Argentineans speak Spanish officially but effectively their Spanish is a mix language because includes many Italian words and expressions. It sounds as if they would speak Spanish but without italian knowledge it is hardly to understand. The Italian influence can be recognized not only in the use of words, but also in the way, how Argentineans...more
Our guide book had an interesting story of the falls as told by the local (Guarani) people. According to the native people a snake lived in the river. Once a year the people would sacrifice a beautiful young woman by throwing her into the river for the serpent. During a tribal ceremony a girl is chosen for sacrifice. The girl and a boy from another...more
Coatis are called the thieves of Iguazu and for reason. During our visits to the falls there were so many coatis every where we went and they were especially visible around the many snack and quick meal stops located around the park. On our most recent trip to the falls we actually witnessed one of these fellas in action. We followed one particular...more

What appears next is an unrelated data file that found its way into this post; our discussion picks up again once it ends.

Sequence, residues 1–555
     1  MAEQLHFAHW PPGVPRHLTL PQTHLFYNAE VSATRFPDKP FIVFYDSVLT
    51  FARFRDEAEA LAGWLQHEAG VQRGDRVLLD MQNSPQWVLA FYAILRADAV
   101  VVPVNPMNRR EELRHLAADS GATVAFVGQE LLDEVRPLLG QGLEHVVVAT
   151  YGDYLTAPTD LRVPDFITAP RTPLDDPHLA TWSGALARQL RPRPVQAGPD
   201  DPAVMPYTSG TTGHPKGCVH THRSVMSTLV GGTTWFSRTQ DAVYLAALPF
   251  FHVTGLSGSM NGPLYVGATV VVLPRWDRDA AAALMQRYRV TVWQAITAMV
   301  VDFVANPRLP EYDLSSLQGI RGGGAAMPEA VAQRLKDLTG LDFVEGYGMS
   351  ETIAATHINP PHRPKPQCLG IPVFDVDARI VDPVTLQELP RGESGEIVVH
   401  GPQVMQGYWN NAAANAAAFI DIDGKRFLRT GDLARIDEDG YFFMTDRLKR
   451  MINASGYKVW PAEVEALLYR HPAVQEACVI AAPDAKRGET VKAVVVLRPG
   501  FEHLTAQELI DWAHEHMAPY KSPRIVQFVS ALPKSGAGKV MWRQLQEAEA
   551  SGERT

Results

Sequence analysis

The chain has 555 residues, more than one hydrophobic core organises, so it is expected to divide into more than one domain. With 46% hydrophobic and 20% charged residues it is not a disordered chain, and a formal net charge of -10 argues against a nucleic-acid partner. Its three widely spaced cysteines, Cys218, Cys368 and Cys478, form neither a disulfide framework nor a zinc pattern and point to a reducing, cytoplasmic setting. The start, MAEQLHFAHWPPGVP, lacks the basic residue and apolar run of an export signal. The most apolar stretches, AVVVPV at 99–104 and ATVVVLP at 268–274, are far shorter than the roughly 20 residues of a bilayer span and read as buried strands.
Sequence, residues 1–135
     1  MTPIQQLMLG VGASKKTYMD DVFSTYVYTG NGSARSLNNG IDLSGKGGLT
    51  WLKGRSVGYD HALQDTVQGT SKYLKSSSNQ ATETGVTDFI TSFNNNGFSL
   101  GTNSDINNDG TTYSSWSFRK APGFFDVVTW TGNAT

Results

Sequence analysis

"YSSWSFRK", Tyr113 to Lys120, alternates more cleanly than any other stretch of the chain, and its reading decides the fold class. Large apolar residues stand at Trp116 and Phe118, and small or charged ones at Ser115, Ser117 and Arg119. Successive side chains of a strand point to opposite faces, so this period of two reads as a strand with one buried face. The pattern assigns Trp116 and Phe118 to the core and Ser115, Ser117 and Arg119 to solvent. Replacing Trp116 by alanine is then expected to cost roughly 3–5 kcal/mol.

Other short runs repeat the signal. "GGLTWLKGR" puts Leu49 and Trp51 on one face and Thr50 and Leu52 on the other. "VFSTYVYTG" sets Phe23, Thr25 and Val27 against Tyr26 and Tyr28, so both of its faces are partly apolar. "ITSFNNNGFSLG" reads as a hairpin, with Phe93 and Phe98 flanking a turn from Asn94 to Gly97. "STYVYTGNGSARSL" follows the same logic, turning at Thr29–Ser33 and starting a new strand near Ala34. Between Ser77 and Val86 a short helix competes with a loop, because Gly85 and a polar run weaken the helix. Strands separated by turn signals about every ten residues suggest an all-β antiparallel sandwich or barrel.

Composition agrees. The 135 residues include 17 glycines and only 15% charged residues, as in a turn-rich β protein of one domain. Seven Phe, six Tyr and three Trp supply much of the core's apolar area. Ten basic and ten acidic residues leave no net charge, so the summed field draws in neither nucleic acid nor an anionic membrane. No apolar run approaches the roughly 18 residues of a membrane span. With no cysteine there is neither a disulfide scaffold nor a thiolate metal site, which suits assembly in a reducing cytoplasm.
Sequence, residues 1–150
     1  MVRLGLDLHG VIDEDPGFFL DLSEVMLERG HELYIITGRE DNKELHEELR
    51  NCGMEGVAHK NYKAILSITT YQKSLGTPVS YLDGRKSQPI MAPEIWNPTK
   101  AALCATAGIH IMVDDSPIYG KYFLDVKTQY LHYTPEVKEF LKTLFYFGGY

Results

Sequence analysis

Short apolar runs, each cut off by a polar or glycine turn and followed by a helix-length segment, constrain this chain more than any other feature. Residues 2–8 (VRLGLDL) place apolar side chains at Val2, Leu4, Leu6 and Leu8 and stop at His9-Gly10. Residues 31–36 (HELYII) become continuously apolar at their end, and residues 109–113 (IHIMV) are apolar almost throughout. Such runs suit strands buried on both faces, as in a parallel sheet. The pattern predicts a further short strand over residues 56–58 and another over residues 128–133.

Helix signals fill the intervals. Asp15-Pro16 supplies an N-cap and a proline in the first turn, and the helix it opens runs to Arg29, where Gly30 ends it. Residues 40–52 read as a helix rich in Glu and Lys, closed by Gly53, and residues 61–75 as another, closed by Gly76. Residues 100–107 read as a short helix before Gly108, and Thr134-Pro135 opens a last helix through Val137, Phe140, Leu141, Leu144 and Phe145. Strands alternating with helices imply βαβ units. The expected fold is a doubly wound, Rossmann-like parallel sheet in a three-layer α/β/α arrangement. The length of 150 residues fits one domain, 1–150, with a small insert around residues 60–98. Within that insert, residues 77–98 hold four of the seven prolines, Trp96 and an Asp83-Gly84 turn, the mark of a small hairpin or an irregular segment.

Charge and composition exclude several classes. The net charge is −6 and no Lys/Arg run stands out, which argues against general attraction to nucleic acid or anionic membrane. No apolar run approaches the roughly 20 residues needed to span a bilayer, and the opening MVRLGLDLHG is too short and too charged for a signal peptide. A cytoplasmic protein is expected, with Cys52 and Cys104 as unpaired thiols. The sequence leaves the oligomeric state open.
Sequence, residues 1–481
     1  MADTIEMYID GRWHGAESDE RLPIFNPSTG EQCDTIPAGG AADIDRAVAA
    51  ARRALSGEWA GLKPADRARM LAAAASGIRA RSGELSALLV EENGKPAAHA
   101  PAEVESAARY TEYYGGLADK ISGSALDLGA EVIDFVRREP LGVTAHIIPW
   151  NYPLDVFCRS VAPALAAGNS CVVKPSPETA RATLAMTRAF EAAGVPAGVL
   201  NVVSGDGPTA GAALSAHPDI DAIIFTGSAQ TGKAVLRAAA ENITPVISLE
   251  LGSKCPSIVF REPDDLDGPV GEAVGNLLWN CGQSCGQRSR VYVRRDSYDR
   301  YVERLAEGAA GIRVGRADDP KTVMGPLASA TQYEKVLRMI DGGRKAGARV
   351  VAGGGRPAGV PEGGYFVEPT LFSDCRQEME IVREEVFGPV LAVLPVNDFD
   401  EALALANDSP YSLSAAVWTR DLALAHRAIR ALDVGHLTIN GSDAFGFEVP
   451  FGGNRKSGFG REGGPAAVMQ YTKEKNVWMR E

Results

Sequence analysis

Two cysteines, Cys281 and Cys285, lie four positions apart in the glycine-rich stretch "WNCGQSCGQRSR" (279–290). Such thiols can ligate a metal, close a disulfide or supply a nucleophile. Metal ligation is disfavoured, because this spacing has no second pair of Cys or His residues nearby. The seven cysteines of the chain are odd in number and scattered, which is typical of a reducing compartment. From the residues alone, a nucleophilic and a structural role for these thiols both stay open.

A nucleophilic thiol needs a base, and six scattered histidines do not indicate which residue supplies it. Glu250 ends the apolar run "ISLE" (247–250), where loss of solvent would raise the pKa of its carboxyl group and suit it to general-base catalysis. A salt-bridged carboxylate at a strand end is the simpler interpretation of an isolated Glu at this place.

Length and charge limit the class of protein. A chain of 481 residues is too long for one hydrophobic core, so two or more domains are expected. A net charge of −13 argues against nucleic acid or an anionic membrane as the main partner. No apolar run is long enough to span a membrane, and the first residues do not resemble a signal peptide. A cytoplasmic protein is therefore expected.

I found this sign a bit interseting. Now, I know we are in a "jungle" but this sign caught me totally off guard since I would think that most people would have some sort of common sense when it comes to the creatures of the jungle. There are pleny of signs posted through out the park to beware of snakes so please don't wander off the main path of...more
While you are walking through out the park you'll probably come across a few of these warning signs indicating (or reminding you) not to feed the animals especially the coatis, and to stay away from touching any of the plants you find in the park. Please adhere to park rules as they are there for the protection of animals, plants and of course...more